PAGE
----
More than 30 ATMs in Philadelphia have been targeted by looters using explosives to try to break into the machines over the past few nights, and police are expressing growing concern after more than a dozen U-Haul trucks and several propane canisters were stolen from a business Wednesday evening.
Fox 29 reporter Steve Keeley alerted residents to the fact that the riots and looting have taken an even more destructive turn in a series of tweets on Thursday morning.
3/3 Van “with M-type explosives, kind being used to blow up ATMs”stopped at Logan Circle by Basilica&Franklin Institute. MAJOR concern among local&federal law enforcement “Were the U-Haul &propane tank thefts possibly linked? If so, What were they planning/thinking? @FOX29philly pic.twitter.com/5raKo7SAaM
— Steve Keeley (@KeeleyFox29) October 29, 2020
The escalation in tactics on the part of rioters shouldn’t surprise those who’ve been paying close attention to Philadelphia this year. Going back to March and the first surge in COVID cases, Chief Danielle Outlaw, Mayor Jim Kenney, and D.A. Larry Krasner have all taken a hands-off approach to crime that’s left criminals emboldened and law-abiding residents afraid for their own safety. Concealed carry applications have surged in Philly in recent months, though the city’s been accused of slow-walking applications and is currently being sued by Gun Owners of America over the year-long wait to apply for a concealed carry license.
Over at HotAir, Jazz Shaw notes another tweet by Fox 29’s Keeley that demonstrates the unwillingness of city leaders to take the threat to public safety seriously.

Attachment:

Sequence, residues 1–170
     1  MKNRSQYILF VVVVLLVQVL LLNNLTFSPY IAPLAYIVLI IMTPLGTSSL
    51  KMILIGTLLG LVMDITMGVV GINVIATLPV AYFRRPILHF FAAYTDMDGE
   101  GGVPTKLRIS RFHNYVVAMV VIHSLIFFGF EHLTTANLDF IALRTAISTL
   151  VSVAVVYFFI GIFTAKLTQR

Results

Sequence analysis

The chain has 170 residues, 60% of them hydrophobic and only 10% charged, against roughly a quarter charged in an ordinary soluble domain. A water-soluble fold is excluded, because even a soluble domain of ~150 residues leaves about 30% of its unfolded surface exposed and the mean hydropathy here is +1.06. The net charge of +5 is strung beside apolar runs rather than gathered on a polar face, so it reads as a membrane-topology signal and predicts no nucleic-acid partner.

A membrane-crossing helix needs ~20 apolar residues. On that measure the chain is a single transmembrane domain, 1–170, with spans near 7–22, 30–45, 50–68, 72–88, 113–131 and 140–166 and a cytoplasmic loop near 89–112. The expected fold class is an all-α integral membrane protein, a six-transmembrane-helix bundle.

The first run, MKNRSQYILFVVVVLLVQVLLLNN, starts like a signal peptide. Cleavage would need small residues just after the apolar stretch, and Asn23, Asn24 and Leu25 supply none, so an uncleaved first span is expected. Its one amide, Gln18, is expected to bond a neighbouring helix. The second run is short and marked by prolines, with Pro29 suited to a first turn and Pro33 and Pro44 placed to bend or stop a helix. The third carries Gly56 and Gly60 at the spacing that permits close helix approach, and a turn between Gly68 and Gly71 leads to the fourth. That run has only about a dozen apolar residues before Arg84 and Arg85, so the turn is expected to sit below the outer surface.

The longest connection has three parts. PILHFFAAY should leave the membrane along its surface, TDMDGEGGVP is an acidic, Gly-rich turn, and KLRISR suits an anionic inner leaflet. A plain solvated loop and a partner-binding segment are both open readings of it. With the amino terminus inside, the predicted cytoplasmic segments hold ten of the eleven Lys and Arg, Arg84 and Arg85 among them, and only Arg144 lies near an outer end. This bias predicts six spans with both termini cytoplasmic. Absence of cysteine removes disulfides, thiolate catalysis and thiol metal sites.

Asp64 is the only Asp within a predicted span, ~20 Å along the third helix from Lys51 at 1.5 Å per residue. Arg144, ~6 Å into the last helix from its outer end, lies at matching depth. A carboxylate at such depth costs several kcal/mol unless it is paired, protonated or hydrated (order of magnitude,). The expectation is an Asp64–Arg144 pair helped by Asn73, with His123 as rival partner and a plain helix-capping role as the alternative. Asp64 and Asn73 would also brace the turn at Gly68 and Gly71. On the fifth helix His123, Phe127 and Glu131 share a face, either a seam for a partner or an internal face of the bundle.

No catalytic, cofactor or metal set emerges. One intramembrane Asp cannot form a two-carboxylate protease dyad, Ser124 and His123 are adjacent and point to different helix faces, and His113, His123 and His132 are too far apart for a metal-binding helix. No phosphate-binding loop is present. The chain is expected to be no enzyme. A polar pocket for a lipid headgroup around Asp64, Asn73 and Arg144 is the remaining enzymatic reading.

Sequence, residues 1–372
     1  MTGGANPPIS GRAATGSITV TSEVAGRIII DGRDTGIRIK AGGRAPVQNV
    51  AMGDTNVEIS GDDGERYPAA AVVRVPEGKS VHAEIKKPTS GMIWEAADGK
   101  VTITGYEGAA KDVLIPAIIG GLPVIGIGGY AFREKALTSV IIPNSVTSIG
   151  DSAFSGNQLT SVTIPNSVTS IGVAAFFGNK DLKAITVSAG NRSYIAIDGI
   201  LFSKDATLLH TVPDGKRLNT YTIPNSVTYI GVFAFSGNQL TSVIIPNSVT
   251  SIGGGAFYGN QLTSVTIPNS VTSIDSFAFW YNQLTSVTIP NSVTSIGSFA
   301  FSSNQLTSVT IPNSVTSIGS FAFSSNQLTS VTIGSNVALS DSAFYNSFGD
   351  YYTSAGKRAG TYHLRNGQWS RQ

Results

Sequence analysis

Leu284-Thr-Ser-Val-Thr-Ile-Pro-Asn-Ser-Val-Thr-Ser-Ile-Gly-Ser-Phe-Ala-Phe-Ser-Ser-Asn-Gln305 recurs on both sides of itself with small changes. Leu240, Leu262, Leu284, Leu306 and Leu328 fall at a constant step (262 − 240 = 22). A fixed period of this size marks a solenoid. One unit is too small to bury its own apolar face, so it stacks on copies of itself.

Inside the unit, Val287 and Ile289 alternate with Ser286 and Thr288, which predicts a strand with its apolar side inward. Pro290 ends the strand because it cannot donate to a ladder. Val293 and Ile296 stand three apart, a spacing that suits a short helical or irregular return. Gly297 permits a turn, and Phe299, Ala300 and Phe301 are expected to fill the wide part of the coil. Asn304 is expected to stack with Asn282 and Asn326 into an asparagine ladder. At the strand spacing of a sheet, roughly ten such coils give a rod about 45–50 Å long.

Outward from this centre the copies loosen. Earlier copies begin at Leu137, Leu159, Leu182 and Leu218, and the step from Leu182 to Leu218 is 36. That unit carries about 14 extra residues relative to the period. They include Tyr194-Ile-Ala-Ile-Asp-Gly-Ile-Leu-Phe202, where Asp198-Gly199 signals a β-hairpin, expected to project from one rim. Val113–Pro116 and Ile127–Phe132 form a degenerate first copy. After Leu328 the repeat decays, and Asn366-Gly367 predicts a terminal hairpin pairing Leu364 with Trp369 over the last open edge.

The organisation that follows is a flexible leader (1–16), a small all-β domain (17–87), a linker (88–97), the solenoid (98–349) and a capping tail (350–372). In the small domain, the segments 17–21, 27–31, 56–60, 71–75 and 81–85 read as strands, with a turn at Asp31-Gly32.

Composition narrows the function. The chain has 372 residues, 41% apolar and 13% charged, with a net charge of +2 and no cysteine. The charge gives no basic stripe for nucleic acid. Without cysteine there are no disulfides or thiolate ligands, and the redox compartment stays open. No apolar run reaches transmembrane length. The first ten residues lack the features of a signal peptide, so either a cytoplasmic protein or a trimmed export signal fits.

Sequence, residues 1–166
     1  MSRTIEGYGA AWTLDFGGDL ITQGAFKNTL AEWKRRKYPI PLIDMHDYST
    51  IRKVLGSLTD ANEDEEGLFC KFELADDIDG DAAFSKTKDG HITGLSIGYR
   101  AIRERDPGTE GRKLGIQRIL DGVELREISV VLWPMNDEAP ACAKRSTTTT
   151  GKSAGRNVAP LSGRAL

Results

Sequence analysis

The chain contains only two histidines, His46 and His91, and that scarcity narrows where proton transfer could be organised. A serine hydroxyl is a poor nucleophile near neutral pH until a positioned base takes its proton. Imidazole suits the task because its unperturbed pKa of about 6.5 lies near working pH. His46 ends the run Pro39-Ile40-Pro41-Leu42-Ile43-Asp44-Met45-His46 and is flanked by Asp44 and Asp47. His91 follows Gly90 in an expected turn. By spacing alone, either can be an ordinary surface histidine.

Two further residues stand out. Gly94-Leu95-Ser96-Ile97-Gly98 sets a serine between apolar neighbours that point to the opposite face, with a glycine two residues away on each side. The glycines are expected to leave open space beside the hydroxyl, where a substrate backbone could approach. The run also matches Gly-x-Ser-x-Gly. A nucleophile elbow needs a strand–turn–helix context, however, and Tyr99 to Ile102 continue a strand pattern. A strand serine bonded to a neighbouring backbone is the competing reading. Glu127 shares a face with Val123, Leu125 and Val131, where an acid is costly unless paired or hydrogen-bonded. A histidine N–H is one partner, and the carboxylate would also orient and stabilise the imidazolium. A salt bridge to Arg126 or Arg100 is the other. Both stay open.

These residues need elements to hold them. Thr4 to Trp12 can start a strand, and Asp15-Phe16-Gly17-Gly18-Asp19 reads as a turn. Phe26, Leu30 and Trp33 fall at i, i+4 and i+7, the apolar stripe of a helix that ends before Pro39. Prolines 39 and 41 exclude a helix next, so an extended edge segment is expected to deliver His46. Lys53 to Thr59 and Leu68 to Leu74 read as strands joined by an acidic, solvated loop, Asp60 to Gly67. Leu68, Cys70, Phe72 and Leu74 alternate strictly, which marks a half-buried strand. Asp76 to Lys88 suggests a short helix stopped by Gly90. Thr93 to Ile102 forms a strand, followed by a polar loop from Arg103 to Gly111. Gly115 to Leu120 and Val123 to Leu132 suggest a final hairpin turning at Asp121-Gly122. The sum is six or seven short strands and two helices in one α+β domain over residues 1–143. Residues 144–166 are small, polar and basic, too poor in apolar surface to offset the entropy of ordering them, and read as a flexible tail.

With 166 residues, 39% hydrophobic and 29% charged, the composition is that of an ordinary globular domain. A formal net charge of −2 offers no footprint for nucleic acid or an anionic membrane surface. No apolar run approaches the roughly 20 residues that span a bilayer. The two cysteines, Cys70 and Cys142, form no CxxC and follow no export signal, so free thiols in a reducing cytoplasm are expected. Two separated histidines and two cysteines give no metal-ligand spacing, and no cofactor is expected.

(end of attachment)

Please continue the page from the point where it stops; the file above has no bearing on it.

Yesterday when police announced the number of arrests in the Mon-Tues looting,charges were for “burglary”. And in the directive, @phillypolice point out no calls for burglary will be responded to by the dept.&officers think that leaves no deterrent to stop looting @FOX29philly pic.twitter.com/2AyhIyV7O7
— Steve Keeley (@KeeleyFox29) October 28, 2020
As Jazz says:
Steve Keeley’s wording is significant in a couple of ways. First of all, he’s not just hearing complaints about this order from rank and file officers out on the streets. He’s also hearing carping from police commanders. So who would have the authority to give this sort of a “stand down” order to the entire Philadelphia Police force? The announcement says that it came from “CAR-2” but that’s Melvin Singleton, the Deputy Police Commissioner. Does anyone honestly think the Deputy would issue an order like that on his own?
No, that order had to come from the Commissioner herself, Danielle Outlaw, who we’ve discussed here on many occasions. It had to be either her or Mayor Jim Kenney, possibly a joint decision between the two of them.
As you may recall, Danielle Outlaw took the office of Police Commissioner on a promise to “put an end to the incarceration nation” that we all supposedly live in. She’s been one of the biggest proponents of the “empty the jails” movement in the country. When the pandemic hit, she quickly used that as an excuse to speed up her efforts to put as many convicts back out on the streets as possible.
Back in March, Outlaw said that police would no longer be making arrests for “low-level crimes” like theft, so this new directive to disperse looters instead of arresting them isn’t coming out of nowhere.
It’s also unlikely to reduce tensions. Things seem to be getting worse in Philadelphia, not better, over the past few nights, and though federal officials are making some arrests in the city, it’s ultimately going to be up to local officials to deal with the growing violence. Honestly, if I lived in Philadelphia, I’d be looking to leave, because it’s clear that city leaders have absolutely no plan or desire to stop the mayhem through arrests and swift legal consequences for rioters and looters.